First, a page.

Thursday, August 18, 2022

Weasel Fire grows to more than 2,000 acres

The Western News | August 5, 2022 7:00 AM

The Weasel Fire blew up Thursday and went from about 200 acres to more than 2,200 as of Friday afternoon as winds from the Southwest drove it into the Flathead National Forest and Canada.

According to Kootenai National Forest officials, the fire made an extended run northeast toward Frozen Lake. The fire continues to burn in heavy dense fuels in difficult terrain.

The Kootenai and Flathead National Forests and Canadian Fire Managers are coordinating suppression efforts.

Fire managers' plans are to continue providing for firefighter and public safety as well as protecting the Weasel Cabin, Wam Lookout, and other natural resources.

The lightning-caused fire, located about 14 miles northeast of Eureka in the Ten Lakes Scenic Area, was detected Saturday, July 30, near the Weasel Cabin turnoff. The historic Weasel Cabin was built in 1943. Forest Service officials said the cabin was wrapped on Tuesday for protection.

According to the National Interagency Fire Center, the fire is experiencing extreme crowning, long-range spotting and wind driven runs.

The fire is burning in steep terrain in sub alpine fir and spruce with a substantial amount of blowdown and snags.

A Type 3 team from Libby took over the fire on Monday.

Grave Creek Road (Forest Service Road 319) remains closed from Foundation Creek Trailhead north to the end of FS Road 319. Big and Little Therriault campgrounds are closed.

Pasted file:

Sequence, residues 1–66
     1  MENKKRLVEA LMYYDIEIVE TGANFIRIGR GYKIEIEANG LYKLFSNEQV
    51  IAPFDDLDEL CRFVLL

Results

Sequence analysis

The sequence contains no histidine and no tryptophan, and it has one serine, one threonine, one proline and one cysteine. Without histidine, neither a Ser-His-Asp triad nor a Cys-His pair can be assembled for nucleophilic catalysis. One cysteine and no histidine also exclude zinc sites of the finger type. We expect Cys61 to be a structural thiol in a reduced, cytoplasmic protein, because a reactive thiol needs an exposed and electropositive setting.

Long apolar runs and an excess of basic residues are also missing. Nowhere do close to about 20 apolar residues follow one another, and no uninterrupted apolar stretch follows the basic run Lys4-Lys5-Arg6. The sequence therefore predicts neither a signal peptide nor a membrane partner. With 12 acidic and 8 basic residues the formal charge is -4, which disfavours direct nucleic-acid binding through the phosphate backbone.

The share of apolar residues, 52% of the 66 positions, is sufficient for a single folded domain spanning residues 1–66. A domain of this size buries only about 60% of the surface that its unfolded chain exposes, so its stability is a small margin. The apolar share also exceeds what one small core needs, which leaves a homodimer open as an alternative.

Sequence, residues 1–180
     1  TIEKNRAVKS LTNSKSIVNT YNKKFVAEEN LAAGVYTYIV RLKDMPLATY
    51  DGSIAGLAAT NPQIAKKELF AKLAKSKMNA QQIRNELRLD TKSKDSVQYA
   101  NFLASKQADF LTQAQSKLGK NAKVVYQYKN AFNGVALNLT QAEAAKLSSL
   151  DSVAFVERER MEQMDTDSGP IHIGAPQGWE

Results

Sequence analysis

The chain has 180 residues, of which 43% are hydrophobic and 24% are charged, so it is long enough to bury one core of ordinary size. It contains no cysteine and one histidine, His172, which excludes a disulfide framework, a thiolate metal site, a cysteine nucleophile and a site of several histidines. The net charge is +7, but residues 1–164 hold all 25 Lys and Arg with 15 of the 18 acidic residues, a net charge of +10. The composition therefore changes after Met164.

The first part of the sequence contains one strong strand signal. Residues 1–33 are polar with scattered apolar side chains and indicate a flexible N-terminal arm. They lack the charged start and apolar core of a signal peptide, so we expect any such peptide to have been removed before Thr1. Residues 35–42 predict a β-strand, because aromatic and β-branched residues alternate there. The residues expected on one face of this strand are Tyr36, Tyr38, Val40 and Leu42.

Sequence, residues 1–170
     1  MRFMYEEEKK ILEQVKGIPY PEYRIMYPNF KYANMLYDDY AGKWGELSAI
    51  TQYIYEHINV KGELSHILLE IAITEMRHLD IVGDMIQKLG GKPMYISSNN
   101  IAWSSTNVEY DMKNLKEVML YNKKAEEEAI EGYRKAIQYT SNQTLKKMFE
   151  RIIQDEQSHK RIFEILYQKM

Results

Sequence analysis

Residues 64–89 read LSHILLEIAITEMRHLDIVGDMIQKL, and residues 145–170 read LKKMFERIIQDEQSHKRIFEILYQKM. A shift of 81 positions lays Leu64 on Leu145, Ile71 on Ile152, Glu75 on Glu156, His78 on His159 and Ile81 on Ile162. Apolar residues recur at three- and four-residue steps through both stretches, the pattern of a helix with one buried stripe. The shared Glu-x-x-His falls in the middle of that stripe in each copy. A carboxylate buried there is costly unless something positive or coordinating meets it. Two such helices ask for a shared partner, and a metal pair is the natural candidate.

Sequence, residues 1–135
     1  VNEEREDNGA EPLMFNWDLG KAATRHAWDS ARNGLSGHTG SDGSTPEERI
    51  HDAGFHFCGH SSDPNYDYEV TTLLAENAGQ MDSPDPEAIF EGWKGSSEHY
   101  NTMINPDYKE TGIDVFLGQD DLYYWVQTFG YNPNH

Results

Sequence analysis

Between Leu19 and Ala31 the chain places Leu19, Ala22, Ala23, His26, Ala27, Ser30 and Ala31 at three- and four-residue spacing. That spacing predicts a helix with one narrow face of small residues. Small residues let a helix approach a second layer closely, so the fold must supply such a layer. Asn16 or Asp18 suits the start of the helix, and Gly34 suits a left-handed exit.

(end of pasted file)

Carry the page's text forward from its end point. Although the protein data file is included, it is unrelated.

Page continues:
Fire officials are asking people to avoid the area. For those who must travel up Grave Creek Road, they are asked to drive slowly and watch for fire personnel in the area. Because it is an emerging incident conditions and closures could change.

Seventy-five personnel are battling the fire along with bulldozers, a water tender and a helicopter primarily being used for bucket drops.

Kootenai National Forest officials raised the fire danger level to very high on Monday morning with hot temperatures, low relative humidity and extended time without measurable precipitation.

When the fire danger is "very high,” fires will start easily from most causes. The fires will spread rapidly and have a quick increase in intensity, right after ignition. Small fires can quickly become large fires and exhibit extreme fire intensity, such as long-distance spotting and fire whirls. These fires can be difficult to control and will often become much larger and longer-lasting fires.

Temperatures have cooled a bit since midweek, but according to the National Weather Service, are forecast to rise in Eureka area this weekend with daytime highs in the mid 80s to lower 90s with nighttime lows around 50 degrees.

A backdoor cold front will shift those winds to the east during the afternoon. The gradient overnight Friday will keep the wind speed fairly constant through Saturday morning, when winds will initially slacken then shift back to the Southwest

By Monday, temperatures are forecast to be back in the mid to upper 90s.

For more information, contact the Ksanka Ranger District at 406-296-2536.